HC Deb 21 January 1959 vol 598 cc188-90
24. Mr. Emrys Hughes

asked the Secretary of State for Air what is his estimate of the cost of the new supersonic bomber TSR2; and when it is likely to be in operational service.

26. Mr. G. Brown

asked the Secretary of State for Air approximately when the new strike/reconnaissance aircraft being developed for the Royal Air Force is expected to be ready for service; what will be its approximate cost; how many will be ordered; and how its performance will compare with existing similar types of aircraft such as, for example, the United States Republic F.105.

Mr. Ward

As I explained in a written answer to the hon. Member for Lincoln (Mr. de Freitas) on 17th December, it has been decided to develop a new strike/ reconnaissance aircraft as a replacement for the Canberra. The cost will depend upon negotiations between the Ministry of Supply and the contractors. We expect the aircraft to enter service during the mid-1960s. It would not be in the public interest to give the numbers likely to be ordered.

In the reconnaissance réle the TSR2 offers advantages over the F.105 and will also be able to operate from short improvised runways which the F.105 cannot use.

Mr. Hughes

Would not the Minister give an approximate guess of what this new venture is likely to cost? Will it be thousands, hundreds of thousands, or millions of pounds? Can he also give us an assurance that the machine will not be obsolete before it starts to fly?

Mr. Ward

I can certainly give an assurance on that last point. On the first one, clearly it would be wrong to give any indication of cost while negotiations are going on between my right hon. Friend the Minister of Supply and the manufacturers.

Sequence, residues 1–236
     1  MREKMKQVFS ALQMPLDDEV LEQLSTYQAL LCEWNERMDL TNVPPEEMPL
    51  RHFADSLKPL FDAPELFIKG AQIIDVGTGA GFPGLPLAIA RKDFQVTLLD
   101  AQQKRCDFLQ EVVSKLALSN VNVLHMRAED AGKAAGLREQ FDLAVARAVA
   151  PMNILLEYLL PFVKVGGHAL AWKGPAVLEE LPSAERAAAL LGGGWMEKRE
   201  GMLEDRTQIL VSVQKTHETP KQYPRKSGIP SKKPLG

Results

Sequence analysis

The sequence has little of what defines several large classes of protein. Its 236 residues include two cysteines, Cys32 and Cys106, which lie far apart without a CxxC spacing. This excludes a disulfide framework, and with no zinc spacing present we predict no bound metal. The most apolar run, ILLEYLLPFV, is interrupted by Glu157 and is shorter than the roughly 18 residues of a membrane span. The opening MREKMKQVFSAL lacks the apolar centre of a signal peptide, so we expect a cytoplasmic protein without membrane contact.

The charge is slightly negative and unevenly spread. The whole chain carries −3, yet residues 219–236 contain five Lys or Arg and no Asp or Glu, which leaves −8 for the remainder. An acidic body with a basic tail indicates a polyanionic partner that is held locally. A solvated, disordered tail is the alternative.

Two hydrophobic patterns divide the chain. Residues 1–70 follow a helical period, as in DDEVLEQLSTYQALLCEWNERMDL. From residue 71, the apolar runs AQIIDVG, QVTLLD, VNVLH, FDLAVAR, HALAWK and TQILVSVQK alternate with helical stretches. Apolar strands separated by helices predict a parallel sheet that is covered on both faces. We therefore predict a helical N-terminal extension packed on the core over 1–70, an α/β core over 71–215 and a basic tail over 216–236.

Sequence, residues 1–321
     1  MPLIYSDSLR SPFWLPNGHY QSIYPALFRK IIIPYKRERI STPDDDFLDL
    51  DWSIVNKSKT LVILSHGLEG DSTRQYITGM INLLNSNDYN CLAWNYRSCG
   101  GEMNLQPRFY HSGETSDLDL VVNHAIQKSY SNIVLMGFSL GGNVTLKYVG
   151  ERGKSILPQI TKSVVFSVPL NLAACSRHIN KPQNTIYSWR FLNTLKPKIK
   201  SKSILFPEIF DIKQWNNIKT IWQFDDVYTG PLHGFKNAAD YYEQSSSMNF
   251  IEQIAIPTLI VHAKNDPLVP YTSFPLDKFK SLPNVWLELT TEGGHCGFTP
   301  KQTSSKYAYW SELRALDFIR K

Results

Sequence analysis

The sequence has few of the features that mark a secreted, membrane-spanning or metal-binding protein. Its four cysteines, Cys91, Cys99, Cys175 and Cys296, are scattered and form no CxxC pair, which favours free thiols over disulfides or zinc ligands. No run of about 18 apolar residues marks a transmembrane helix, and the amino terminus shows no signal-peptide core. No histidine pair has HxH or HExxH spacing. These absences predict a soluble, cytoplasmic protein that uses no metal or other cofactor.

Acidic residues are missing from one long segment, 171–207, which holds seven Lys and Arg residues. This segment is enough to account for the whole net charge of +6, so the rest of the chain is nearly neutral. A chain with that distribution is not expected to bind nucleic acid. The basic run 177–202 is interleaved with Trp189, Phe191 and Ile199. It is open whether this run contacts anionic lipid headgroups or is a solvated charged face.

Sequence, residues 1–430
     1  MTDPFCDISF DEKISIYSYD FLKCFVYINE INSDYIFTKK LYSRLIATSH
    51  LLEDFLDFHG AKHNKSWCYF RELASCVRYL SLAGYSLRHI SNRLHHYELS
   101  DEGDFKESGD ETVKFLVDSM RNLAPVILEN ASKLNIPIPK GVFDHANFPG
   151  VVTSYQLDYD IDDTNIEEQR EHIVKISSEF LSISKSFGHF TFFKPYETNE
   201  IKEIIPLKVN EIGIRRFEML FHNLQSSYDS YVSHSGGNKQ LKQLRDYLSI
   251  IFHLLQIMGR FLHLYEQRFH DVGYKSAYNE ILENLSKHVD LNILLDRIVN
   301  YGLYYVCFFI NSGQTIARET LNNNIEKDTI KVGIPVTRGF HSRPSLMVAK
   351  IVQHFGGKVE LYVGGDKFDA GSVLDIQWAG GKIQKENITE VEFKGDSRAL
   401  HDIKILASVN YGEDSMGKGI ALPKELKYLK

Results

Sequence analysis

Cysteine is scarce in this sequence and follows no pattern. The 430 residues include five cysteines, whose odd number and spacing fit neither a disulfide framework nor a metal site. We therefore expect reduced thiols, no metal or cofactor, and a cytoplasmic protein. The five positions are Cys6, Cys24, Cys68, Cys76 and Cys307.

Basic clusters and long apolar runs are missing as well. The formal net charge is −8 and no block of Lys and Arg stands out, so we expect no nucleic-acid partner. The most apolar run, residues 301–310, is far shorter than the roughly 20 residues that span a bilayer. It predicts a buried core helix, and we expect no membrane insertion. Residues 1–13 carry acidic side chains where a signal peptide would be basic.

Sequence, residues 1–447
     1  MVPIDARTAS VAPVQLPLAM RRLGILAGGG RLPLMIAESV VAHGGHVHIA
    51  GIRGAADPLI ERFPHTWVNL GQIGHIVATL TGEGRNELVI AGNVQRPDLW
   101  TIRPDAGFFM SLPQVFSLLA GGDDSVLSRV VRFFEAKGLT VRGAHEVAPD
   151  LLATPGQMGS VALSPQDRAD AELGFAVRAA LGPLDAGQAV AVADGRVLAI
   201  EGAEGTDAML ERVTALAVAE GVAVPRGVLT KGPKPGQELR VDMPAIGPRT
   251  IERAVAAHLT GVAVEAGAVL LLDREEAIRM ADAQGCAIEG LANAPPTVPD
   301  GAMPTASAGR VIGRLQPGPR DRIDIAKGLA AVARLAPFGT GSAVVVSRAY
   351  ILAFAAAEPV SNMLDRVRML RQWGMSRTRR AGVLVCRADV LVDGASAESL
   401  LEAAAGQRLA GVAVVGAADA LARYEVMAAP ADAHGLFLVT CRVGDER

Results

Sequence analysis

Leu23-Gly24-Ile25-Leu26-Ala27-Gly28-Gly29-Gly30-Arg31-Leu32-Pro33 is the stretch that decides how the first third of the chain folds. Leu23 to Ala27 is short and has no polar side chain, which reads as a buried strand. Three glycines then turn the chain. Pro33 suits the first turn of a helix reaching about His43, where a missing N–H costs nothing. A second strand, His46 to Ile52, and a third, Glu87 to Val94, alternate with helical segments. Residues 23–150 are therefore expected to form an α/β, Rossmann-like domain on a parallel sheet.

Mr. Brown

Whilst congratulating the Secretary of State for Air on having scored this redoubtable victory over his colleague, may I ask if he does not think it proper to tell the House in what respect this plane, when it becomes available in the mid-60's or later 60's, will be superior to planes existing today? What will be the additional performance it is expected then to have? Secondly, is it not true that before the right hon. Gentleman decided on this, he must have formed some estimate of the cost of development? Ought he not to share this information with the House, which will ultimately have to authorise the expenditure?

Mr. Ward

I do not think it is for me at this stage to do that. That must come at a later stage, when negotiations are completed with the manufacturers. If it comes at all, it should come from my right hon. Friend the Minister of Supply. On the first point, the advantages that this aircraft will have over existing types is a greatly improved performance at all altitudes and ability to operate from very short runways, which is essential in the réle which this aircraft is primarily to fill, which is the support of the Army in the field.

Mr. Brown

Do I take it from that cautious reply that the right hon. Gentleman has very little knowledge of what the airplane will do, when it will be available or what it will cost?